Open wide for some soccer

Recently, the US National team hired a new head coach, Bob Bradley. We asked Mitch Krpata, who still has nightmares about Landon Donovan passing up an open shot in the Ghana game, to give his thoughts:

Bob Bradley is a temp no more. After serving as the interim coach of the US Men's National Team for just over five months, Bradley was introduced yesterday as the team's full-time coach -- which means he should be at the helm through the 2010 World Cup.

It's good news for Bradley, who's popular with the players and has had considerable success at the pro level. In 1998, Bradley steered the expansion Chicago Fire past a Los Angeles juggernaut to win the MLS Cup, and last year engineered a remarkable turnaround for Chivas USA, taking them from last place to a playoff berth in just one season.

It's not such good news for US Soccer Federation President Sunil Gulati, who made no secret about his intentions for the position since the departure of Coach Bruce Arena following last summer's disastrous World Cup. Gulati's pursuit of former Germany head coach Juergen Klinsmann bordered on embarrassing -- it was like watching a lovestruck schoolboy asking the same girl to the prom for the third time. Even after Bradley had coached the US team to decisive wins over Denmark, Ecuador, and Mexico, Gulati insisted that his real prince was still waiting just over the horizon. Only now that preparations need to begin for this summer's Gold Cup and Copa America tournaments has Gulati been forced to take what he can get.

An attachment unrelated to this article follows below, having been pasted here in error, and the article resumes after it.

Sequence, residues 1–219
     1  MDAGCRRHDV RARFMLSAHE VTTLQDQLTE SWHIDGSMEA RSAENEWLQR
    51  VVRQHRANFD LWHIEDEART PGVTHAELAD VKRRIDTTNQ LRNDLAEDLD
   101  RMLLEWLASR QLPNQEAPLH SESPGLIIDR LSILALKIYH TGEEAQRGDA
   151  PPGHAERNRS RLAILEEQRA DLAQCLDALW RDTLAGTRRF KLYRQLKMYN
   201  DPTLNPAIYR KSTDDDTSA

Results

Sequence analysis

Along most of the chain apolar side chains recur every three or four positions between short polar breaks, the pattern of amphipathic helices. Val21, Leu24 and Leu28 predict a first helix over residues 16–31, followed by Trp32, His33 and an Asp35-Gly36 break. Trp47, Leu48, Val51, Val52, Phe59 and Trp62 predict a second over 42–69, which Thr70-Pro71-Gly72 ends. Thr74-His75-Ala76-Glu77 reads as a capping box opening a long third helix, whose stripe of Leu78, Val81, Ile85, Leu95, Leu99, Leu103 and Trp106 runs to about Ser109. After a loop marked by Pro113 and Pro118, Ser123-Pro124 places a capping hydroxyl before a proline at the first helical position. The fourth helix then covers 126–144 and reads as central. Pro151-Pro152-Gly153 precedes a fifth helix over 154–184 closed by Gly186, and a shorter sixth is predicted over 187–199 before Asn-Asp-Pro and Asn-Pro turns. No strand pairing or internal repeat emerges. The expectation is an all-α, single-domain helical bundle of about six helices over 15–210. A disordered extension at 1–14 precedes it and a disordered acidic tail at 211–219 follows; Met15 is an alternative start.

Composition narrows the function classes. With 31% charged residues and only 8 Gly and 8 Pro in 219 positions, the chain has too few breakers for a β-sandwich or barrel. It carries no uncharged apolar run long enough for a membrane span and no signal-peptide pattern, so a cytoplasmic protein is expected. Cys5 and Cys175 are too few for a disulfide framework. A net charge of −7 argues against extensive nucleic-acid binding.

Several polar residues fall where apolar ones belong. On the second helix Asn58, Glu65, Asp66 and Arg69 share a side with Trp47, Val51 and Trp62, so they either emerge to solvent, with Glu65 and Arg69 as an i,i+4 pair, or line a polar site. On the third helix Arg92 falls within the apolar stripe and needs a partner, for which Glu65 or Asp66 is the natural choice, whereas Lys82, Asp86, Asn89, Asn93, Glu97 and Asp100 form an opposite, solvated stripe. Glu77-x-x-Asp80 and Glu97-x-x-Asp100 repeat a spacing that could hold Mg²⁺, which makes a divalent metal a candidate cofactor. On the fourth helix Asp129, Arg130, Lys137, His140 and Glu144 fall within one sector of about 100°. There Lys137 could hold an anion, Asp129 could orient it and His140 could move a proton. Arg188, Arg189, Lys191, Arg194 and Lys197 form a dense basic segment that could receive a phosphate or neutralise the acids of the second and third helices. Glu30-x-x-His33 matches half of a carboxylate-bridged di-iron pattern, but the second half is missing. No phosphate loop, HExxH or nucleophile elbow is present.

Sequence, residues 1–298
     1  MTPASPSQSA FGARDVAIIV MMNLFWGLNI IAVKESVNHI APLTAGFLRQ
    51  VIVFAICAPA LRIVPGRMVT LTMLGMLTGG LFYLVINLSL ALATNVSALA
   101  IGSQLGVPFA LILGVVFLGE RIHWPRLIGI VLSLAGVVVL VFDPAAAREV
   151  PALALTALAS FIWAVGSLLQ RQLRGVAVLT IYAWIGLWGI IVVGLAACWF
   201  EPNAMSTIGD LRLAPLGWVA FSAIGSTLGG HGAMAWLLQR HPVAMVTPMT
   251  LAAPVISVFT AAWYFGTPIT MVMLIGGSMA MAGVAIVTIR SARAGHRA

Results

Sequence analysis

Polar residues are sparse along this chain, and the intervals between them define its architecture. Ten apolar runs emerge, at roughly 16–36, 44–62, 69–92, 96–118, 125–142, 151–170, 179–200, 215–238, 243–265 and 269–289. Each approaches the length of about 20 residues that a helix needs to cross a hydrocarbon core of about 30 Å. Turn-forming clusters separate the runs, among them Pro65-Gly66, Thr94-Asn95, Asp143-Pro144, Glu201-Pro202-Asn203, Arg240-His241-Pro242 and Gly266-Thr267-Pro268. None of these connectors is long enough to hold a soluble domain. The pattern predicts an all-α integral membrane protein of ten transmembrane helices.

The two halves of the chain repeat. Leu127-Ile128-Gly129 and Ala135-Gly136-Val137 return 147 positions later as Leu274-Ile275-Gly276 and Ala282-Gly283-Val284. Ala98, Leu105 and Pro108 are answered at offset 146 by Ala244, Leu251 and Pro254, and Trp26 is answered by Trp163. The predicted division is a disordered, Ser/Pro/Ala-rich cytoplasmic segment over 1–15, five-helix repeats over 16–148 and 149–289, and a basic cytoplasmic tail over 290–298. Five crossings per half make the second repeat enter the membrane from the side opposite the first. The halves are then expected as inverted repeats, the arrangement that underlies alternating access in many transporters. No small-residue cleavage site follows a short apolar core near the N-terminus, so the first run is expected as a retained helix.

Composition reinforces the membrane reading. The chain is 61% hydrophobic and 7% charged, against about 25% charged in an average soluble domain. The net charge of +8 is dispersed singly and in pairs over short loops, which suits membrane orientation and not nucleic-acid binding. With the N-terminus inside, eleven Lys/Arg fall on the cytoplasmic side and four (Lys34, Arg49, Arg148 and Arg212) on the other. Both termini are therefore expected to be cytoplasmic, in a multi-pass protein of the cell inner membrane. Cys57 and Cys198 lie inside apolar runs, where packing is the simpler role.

That's not to knock Bradley, who's earned a reputation as a master motivator as well as a solid tactician. But if winning games on home soil against regional opponents were the mark of a successful coach, then Bruce Arena would have had the job for the rest of his life. The standard is higher now. It's fair to wonder just how different Bradley's approach will be from Arena's, especially given the time Bradley spent assisting Arena. One quality he has shown so far is an openness to new players: whereas Arena tended to stick with his favorite players no matter the circumstances (such as bringing a dinged-up and ineffective John O'Brien to Germany last year), Bradley has already given a look at up-and-coming players like Benny Feilhaber and his own son Michael.

Of course, the talent pool remains shallow. There simply is no system in place in this country to identify and cultivate young soccer talent, particularly among poor and minority communities. Nor is there any real incentive for young athletes to pursue soccer when basketball, baseball, and football offer vastly more fame and fortune. Building a dominant national soccer team still requires a major cultural shift in this country. That's a problem no coach will be able to solve.

-- Mitch Krpata

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